4 months severe headaches. No diagnosis

Hi all.
So, here is a brief summary. I'm a (was) very active in sports, full time construction job and family man. But one evening after dinner I was hit with an excruciating headache and nautiousness and everything went downhill from there. Now I can barely do anything unless I hunch my shoulders and push through the pain.

I can no longer play racquetball anymore. I used to over 10 hrs a week without a problem. If I work too many days in a row (2) I'm shot for a week. My bp went crazy, heart palpitations, dizziness , blurred vision, sick, headaches, ringing in the ears (sometimes as loud as a jet engine), lack of concentration, memory loss... Doctors thought I had a Chiari but the neurosurgeon said no and threw me out. Then I got a spinal tap and the pressure was less than 5mm so the neurologist said I may have csf. But she wanted to do another spinal tap to confirm since the other procedure was done by a different Dr a couple months ago. This latest one was 18mm so now she is saying that perhaps I HAD a leak but it healed itself. she said that my symtoms are just residual...what the heck does that mean? I have ghost headaches and all the other symptoms??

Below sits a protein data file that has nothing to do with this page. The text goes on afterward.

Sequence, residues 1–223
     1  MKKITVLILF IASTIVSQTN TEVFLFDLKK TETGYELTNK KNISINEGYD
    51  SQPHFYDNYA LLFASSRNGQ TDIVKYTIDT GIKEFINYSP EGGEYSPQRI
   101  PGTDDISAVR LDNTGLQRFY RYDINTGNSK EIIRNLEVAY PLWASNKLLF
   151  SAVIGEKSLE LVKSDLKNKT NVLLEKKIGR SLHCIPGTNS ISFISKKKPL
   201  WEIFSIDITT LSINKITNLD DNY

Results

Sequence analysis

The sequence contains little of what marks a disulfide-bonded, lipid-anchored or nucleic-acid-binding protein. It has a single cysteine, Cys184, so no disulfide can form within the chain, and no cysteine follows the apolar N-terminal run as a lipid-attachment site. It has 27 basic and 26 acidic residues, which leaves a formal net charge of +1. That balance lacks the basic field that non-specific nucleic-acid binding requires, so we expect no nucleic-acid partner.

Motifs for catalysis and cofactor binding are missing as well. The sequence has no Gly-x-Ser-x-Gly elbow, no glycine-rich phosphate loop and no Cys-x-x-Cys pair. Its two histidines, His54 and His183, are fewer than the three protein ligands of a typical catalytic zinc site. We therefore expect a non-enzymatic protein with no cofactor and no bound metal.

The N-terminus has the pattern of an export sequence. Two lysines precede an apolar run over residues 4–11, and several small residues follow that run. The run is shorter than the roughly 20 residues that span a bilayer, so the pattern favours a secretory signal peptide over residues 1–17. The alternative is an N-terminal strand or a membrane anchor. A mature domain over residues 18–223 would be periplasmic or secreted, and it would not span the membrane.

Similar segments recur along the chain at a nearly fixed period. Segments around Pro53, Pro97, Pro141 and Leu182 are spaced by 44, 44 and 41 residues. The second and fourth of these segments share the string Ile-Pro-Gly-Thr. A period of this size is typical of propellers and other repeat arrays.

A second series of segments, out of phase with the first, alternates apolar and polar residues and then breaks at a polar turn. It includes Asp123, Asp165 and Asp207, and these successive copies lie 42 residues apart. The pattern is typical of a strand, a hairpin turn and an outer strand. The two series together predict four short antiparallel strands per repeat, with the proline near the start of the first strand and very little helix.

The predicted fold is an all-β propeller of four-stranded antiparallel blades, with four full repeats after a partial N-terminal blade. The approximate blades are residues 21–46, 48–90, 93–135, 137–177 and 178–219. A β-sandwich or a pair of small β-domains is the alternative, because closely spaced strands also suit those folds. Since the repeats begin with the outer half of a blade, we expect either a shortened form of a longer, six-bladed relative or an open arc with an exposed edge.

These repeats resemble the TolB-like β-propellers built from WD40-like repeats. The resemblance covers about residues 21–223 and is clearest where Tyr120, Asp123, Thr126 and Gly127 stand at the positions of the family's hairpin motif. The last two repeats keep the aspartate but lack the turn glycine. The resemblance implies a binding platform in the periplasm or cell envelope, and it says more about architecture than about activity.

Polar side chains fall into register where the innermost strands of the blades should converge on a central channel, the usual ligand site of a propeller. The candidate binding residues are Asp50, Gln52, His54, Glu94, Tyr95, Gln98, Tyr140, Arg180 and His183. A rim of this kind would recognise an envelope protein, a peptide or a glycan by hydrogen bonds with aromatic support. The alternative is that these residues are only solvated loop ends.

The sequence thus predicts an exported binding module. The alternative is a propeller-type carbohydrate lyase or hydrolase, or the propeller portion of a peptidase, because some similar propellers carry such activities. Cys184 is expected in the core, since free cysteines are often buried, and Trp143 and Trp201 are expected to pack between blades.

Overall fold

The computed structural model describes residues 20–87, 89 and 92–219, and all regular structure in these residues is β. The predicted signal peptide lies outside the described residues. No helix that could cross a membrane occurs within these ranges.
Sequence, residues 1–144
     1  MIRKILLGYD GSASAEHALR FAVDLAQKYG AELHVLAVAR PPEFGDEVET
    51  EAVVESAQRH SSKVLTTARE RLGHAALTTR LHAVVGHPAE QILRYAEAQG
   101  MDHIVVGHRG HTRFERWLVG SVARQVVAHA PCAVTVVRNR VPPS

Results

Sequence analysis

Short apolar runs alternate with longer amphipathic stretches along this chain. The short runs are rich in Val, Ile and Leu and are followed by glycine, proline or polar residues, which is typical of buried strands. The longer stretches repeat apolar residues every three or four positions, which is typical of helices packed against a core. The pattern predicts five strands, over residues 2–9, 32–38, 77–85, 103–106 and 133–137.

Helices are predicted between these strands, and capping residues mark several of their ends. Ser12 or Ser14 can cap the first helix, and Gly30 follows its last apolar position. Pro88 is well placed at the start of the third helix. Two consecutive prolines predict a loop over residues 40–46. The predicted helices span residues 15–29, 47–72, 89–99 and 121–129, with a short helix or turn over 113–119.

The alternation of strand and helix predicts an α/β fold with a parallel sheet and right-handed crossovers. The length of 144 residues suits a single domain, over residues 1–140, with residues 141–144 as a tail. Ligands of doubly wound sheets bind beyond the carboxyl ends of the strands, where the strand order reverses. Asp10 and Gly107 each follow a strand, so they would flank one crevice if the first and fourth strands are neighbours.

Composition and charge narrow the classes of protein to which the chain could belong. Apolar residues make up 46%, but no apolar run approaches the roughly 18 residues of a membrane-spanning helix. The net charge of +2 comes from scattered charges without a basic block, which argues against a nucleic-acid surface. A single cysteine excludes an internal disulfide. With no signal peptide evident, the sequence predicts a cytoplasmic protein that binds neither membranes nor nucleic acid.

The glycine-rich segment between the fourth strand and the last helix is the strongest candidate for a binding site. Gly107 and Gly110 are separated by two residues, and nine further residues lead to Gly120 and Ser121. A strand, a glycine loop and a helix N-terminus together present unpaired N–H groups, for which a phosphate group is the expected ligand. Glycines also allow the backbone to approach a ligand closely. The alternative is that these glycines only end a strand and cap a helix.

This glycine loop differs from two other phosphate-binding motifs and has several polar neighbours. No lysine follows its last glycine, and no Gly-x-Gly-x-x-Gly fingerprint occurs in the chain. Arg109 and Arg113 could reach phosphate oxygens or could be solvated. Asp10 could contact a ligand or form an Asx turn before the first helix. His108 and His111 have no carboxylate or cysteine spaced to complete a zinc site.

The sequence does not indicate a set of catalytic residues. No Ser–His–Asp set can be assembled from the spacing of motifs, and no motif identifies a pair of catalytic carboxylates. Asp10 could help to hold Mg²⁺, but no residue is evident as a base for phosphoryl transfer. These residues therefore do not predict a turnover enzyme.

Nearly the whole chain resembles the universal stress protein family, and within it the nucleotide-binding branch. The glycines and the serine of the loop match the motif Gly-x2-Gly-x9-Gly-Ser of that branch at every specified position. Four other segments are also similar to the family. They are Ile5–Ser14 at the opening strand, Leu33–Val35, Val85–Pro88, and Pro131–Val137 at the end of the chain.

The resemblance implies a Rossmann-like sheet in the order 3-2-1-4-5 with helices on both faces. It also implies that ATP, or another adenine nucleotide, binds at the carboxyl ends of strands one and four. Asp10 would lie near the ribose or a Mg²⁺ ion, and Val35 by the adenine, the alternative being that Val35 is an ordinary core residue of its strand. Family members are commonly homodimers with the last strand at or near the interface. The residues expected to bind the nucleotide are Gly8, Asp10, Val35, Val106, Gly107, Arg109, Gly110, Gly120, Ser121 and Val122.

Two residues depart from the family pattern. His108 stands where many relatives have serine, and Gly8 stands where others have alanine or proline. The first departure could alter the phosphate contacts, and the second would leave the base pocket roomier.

In the meantime, I still have the same problems. I think something may be leaking out of my nose. But only when I am actively working or doing something strenuous. Is that the only time fluid would leak if it IS that?

My other concern is, could I have a normal opening pressure and still have a leak somewhere? I've had 6 MRI's, 2 with contrast, CAT scans, Sonograms and nothing confrms a leak. the neurologist says its time to just treat the pain since we can't find the problem. I'm not a pill popper and I DID try to make them happy before by trying some pain medications, which none of them worked. I'm disgusted they want to give up so quickly. I know something is wrong. My life is not normal and I suffer 24/7.